Illiolingual nerve pain presented itself 6 months after TT with Lipo. Is it permanent?

Had TT with Lipo and breast reduction with implants in May 2015. 6 months later I had this sharp burning labor like pains that occurred only in AM and took 3 months to diagnose after several ER visits and many specialists. Currently on Gabapenten, Amitriptyline and pain meds in between nerve block and steroid injections but I'm still not comfortable or pain free. And the pains now come anytime. I never know when it's going to hit me. Is this permanent? Am I on the right track med wise?

Doctor Answers 3

Illiolingual nerve pain presented itself 6 months after TT with Lipo. Is it permanent?

Ilioinguinal nerve pain can happen after a tummy tuck, but it is unusual for it to just spontaneously happen 6 months later without either numbness or dysesthesias(abnormal pain sensations) being present sooner after the surgery. If you had no numbness or other abnormal sensations until recently, I would recommend that you be evaluated for other sources for why the nerve pain is occurring, like back issues.If your pain is from ilioinguinal entrapment, a nerve block is a good solution and works well.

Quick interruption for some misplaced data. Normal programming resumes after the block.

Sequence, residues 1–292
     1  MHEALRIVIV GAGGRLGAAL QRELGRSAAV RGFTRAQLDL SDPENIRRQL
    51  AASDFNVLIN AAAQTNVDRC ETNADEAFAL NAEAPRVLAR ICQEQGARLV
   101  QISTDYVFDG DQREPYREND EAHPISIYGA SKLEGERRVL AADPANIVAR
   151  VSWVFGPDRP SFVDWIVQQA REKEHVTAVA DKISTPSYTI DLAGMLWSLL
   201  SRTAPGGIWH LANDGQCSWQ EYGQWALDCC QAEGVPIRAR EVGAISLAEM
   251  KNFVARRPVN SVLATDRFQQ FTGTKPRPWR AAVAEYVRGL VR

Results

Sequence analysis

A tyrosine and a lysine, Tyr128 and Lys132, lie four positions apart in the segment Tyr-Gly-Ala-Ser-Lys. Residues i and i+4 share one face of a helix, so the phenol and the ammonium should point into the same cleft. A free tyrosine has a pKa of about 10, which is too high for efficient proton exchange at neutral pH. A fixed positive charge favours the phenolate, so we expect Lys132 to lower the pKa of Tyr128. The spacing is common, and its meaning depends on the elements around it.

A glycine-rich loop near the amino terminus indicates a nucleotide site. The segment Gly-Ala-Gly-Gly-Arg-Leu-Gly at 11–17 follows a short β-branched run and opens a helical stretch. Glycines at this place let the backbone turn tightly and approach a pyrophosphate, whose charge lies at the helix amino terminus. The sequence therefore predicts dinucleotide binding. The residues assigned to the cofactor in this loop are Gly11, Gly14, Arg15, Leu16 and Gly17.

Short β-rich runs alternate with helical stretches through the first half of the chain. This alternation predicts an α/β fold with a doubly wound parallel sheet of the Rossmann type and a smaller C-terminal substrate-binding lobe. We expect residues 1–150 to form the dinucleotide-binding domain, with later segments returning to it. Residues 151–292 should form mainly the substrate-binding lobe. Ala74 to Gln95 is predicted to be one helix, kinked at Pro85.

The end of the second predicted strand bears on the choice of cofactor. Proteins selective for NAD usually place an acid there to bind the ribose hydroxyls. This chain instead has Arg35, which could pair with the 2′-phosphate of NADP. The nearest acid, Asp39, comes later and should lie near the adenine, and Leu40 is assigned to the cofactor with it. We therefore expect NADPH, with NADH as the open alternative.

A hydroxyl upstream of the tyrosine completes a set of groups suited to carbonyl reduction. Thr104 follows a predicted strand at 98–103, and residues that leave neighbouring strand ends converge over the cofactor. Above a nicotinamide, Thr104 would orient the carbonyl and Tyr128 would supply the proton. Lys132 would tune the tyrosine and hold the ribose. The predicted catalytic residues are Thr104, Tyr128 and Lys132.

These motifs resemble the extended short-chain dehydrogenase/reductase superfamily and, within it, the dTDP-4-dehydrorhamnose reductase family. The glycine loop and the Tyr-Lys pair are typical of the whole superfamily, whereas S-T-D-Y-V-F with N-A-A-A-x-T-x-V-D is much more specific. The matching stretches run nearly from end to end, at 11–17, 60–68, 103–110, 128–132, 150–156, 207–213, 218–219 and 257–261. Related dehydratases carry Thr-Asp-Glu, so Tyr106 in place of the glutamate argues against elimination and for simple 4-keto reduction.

Nashville Plastic Surgeon
4.8 out of 5 stars 73 reviews

Nerve pain months after TT

if you have had a full workup including MRI or ultrasound, then seeing a pain management physician is a good option. Its very unusual for this small peripheral nerve to cause problems so late, but if you had ultrasonic lipo at the time, it might cause more nerve issues. Might also switch to Lyrica

Robert V. Mandraccia, MD
Fort Myers Plastic Surgeon
4.7 out of 5 stars 7 reviews

Obliterate the nerve pain

I would suspect that the meds are just going to treat the pain.  Nerve blocks can be made permanent you should see a pain specialist who may be able to obliterate the nerve pain.

Gary Lawton, MD, FACS
San Antonio Plastic Surgeon
4.9 out of 5 stars 136 reviews

These answers are for educational purposes and should not be relied upon as a substitute for medical advice you may receive from your physician. If you have a medical emergency, please call 911. These answers do not constitute or initiate a patient/doctor relationship.